In January 1991, I found myself on Flagler Street and 42nd Avenue taking pictures of anti-Castro activist Orlando Bosch as he sold limes to raise money. It was definitely an "only in Miami" moment.
Bosch, who was suspected of helping bomb a Cubana Airlines jet in 1976 that killed 73 people, had been on house arrest after being returned to the United States from Venezuela. I hung around for an hour or so as supporters approached him and stuffed dollar bills into his pocket. Bosch died in 2011 at the age of 84.
In 1992, a reporter from the St. Petersburg Times and I collaborated on a profile of 62-year-old Armando Roblan, a Cuban actor who put on a show at the Martí Theater impersonating Fidel Castro. It was an impersonation that some nights was so convincing, old ladies would flee the theater in tears.
That same year, I was assigned by a newspaper to ride with the crew of a Coast Guard boat out of Islamorada as it picked up a group of Cuban rafters in the Florida Straits. As a photojournalist, it's always been my goal to remain meticulously impartial. But as the Coast Guard boat headed back to Islamorada, I struggled to keep my emotions in check as I shot pictures when one of the crew members helped a rafter to his feet while he got his first view of America in the distance.
But covering Miami's exile community always meant that a seemingly routine story might turn into a powder keg. When a promoter booked the Cuban dance band Los Van Van to play at the Miami Arena in October 1999, hard-line Cuban exiles were outraged. One Cuban radio commentator suggested on the air: "We should film everyone who enters the concert so that later we can show the images publicly."
The night of the concert, Miami Police deployed a contingent of riot-gear-equipped officers to keep some 4,000 protesters separated from concertgoers.
Police had announced they would charge concert promoter Debbie Ohanian $28,000 to cover the pay of the 150 officers needed for security and another $3,000 for barricades to cordon off areas set aside for the concert protesters.
Rocks and bottles were thrown, but there were no serious injuries, and police made only six arrests.
A month later, on Thanksgiving Day 1999, fishermen found Elián González, a 5-year-old Cuban boy, clinging to an inner tube off Fort Lauderdale. The boy and more than a dozen other Cuban nationals had been tossed into the sea after their boat capsized. Eleven others onboard — including the boy’s mother — perished. Elián and two others survived. After just one day in the hospital, he was turned over to Miami relatives.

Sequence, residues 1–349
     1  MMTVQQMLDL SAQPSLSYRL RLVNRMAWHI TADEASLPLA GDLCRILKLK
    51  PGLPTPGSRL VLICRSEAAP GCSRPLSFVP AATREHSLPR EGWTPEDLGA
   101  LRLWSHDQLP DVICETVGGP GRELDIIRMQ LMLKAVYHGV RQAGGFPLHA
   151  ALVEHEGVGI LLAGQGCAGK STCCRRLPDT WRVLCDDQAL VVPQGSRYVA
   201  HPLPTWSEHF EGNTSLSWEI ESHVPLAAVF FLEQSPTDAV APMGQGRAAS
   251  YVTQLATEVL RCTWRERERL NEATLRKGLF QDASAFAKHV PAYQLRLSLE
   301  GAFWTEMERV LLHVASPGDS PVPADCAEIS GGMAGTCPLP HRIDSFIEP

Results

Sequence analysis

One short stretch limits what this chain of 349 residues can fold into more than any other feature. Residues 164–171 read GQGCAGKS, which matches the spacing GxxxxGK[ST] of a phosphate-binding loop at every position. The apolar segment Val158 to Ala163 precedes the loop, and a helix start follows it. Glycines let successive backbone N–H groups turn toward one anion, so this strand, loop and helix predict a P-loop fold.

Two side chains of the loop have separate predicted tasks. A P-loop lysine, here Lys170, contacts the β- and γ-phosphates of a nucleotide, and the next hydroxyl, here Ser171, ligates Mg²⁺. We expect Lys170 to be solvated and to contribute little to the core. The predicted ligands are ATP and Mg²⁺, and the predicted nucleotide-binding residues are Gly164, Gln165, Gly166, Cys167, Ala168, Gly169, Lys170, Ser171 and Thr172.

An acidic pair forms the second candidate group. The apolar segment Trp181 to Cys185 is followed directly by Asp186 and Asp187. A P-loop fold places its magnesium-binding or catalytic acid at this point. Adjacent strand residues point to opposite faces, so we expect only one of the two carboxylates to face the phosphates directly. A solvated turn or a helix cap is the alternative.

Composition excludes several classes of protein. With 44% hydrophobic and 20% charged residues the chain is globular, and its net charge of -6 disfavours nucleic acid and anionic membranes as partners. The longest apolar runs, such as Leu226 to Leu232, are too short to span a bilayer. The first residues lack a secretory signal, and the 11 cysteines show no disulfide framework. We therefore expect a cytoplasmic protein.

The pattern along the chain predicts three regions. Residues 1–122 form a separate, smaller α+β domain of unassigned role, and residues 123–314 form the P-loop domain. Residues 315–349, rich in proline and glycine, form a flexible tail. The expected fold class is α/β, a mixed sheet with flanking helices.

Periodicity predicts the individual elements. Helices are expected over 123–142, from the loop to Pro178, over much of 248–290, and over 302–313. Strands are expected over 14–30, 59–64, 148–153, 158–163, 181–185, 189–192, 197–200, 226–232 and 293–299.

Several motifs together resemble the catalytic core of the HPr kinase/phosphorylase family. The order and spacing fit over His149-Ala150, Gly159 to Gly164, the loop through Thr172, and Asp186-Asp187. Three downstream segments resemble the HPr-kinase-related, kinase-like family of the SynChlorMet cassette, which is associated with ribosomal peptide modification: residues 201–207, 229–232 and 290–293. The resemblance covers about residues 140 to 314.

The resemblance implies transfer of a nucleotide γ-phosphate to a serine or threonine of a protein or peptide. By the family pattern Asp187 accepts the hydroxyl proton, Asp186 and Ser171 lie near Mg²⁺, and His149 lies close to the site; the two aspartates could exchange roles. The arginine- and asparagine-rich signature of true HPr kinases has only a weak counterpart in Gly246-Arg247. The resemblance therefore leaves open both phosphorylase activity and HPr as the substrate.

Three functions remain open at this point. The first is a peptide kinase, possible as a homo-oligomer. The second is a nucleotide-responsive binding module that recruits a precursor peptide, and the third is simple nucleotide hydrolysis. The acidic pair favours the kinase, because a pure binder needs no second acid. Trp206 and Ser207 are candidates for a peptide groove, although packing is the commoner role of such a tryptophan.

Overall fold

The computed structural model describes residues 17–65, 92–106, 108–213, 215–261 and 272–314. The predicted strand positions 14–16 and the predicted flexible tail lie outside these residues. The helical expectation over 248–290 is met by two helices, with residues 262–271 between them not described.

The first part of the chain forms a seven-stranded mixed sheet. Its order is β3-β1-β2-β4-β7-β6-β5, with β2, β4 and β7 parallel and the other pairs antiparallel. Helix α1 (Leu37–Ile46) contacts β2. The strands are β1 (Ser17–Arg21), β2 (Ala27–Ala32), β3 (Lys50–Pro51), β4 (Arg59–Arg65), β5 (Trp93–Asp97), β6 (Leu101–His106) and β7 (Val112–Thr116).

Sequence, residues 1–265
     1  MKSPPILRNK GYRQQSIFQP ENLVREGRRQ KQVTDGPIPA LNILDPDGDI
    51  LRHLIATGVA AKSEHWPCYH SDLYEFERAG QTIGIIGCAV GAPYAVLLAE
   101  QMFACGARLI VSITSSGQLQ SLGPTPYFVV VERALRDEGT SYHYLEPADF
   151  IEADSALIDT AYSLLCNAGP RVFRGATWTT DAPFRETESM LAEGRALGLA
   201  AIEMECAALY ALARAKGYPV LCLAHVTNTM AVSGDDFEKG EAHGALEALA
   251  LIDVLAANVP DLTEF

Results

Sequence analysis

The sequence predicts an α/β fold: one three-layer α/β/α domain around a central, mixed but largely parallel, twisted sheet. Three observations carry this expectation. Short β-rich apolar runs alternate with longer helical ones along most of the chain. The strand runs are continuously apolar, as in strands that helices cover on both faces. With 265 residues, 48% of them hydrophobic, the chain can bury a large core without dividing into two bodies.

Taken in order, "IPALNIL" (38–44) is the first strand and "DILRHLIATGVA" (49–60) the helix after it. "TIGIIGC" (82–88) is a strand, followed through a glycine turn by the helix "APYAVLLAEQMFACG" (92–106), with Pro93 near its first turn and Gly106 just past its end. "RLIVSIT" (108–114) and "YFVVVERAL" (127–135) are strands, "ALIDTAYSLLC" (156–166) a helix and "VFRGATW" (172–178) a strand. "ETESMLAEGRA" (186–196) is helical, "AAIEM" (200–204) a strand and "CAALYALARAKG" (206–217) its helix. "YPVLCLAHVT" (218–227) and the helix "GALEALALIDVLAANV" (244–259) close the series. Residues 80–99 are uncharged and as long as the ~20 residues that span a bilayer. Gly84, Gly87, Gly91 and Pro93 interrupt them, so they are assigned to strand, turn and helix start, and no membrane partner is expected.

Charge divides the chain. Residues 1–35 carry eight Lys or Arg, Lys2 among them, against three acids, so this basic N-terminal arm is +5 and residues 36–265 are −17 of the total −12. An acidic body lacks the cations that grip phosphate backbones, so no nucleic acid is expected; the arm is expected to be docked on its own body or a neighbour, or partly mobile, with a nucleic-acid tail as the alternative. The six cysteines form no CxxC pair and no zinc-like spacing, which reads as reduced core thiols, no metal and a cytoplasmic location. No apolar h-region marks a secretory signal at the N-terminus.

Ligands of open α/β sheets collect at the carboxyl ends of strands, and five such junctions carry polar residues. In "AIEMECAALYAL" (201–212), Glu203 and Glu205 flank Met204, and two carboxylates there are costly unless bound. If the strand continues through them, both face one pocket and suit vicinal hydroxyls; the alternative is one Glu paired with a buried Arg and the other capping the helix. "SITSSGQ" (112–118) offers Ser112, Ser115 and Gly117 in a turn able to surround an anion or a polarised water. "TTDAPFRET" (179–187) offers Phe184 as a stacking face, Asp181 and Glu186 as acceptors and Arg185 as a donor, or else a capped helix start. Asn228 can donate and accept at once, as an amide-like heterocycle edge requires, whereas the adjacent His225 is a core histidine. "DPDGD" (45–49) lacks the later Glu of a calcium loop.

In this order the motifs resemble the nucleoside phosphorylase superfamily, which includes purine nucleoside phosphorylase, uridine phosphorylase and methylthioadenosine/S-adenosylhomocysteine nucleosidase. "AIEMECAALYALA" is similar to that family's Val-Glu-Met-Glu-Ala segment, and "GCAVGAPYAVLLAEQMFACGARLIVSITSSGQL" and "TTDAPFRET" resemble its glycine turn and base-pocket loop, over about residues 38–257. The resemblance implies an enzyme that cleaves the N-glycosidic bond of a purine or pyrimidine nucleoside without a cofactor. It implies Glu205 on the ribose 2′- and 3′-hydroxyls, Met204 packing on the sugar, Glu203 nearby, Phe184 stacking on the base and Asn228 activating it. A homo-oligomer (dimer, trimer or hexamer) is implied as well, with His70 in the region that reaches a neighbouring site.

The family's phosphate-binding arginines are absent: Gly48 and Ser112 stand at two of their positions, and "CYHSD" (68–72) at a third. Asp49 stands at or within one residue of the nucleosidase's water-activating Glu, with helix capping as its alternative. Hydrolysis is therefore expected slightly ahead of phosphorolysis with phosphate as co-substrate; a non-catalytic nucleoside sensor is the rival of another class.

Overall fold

In 2010, I wrote, "I showed up at the house on NW Second Street a few days after [Elián's] arrival because I sensed there was something different about this story, something that set it apart from the hundreds of other stories that I’ve covered in Miami’s Cuban-American community."
And for the next five months, my instincts proved to be correct.
“[Elián's story] was a perfect storm,” CBS 4 reporter Jim DeFede told me in 2010.
DeFede, who covered the Elián saga while a staff writer at Miami New Times, says, “Not even the recent reports of Fidel Castro’s death touched off the sort of passion that the Elián story did."
In an April 2000 New Times story, DeFede wrote, "Through no fault of his own, this 6-year-old boy has proven to be the single greatest destructive force in South Florida since Hurricane Andrew."
After Elián returned to Cuba with his father, things calmed down a bit in Mami.
In 2002, while on assignment for the St. Petersburg Times, I found myself in the studios of WQBA, where Fidel Castro's daughter Alina Fernandez hosted a radio show that she used to criticize her father.
But not every interaction with the exile community happened while I was covering a story.
While having dinner with an out-of-town friend at Versailles seven or eight years ago, I was reminded that only at Versailles can a seemingly routine dinner suddenly morph into a scene from a spy thriller.
Sitting at a table a few feet from the front door, I looked up and recognized a man I'd seen in recent news reports. Not entirely certain, I asked one of the waiters who the man was.
"He is Luis Posada Carriles. He blow up airplane, kill many people," he responded calmly in a tone one might use if asked directions to Miami Beach.
Shortly after midnight last Saturday, I awoke after falling asleep watching a movie.
Checking my email news alerts, I learned that Fidel Castro had died.
I turned on CNN for two or three minutes as it showed Cuban-Americans celebrating in front of Versailles, and then turned it off and went back to sleep.
Fifty-seven years after I first stood on the corner of 12th Avenue and Flagler Street, Fidel's story had come to an end.